Tattoos, Originality & Regret?



It was ten years ago when I got the ‘tri-spiral’ tattooed on my upper arm. A cliqued place for a young Irish man to be inked, and even more unoriginal a Celtic symbol. It was at the time a quasi-rebellious, if pathetically tame, act of self-expression and body ownership. I say was because had I been born five to ten years later, the perceived norm has become littering yourself with every pop icon symbol or phrase you saw once, liked and can barely comprehend the depth of.

But I thought I was being somewhat original with a tri-spiral. The oldest Celtic mark which symbolizes the three stages of man: birth, death & eternity. It can be found carved into Ireland’s oldest historical site, Newgrange, dating back ten thousand years. It was all very philosophical, very original and most importantly unique. Well that’s what I thought anyway…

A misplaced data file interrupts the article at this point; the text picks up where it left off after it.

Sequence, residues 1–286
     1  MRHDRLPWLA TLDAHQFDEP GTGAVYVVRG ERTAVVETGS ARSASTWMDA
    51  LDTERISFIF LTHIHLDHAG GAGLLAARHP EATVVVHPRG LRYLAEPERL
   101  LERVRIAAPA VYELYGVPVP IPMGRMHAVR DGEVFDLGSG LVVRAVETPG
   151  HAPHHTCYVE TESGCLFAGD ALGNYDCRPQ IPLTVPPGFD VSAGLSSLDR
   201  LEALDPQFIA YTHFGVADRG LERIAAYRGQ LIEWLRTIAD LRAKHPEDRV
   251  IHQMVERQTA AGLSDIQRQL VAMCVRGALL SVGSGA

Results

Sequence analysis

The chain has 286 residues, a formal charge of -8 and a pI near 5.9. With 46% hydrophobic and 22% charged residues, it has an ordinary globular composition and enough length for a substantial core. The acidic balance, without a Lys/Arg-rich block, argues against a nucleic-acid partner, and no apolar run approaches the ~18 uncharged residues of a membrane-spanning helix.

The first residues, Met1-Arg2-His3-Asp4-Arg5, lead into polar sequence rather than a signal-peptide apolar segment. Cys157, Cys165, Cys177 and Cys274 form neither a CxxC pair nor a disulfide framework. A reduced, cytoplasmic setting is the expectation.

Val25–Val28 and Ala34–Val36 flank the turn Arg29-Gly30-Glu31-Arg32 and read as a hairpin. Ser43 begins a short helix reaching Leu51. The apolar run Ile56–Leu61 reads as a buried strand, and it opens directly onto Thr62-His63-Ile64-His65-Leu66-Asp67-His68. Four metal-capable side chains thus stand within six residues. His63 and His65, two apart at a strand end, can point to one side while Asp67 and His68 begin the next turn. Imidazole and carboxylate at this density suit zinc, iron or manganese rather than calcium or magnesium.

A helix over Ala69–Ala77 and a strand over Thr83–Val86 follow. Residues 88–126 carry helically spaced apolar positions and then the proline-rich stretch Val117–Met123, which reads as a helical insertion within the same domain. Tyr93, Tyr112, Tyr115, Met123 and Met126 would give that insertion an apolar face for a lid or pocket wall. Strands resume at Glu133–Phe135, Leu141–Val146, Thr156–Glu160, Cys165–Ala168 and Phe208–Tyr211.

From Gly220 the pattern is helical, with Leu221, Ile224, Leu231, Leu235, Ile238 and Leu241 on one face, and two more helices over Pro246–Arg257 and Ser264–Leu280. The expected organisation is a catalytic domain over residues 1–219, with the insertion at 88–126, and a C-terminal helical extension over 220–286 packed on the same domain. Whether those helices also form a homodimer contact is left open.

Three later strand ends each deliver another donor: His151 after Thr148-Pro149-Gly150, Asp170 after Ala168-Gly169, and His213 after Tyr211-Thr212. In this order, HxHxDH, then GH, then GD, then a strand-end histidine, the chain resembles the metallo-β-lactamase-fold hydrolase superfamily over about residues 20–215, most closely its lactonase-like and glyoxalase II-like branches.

Fast forward ten years and it’s embossed on the trophy for the Irish Television and Film awards, been molded into tourist rings in Athens & kitted onto trees in Santa Cruz de Tenerife. It’s at this point that you’d think I’d be kicking myself and running to a tattoo parlor to try and eradicate this cultural trademark from my arm. But the thing is I’m not nor do I want to.

I don’t look at this with regret. I’d never do it again but I don’t regret doing it. I look at tattoos like my scars. I’m lucky enough that both were formed due to stupidity or misadventure on my part. I look at them as symbols of what I once was and therefore what got me to where I am today. As such they aren’t symbols of regret but more signposts of where I’ve been.

I’m not sure I’d feel the same way if I had Elmer Fudd sporting a hard-on emblazoned on my arm. But then again I think I would.


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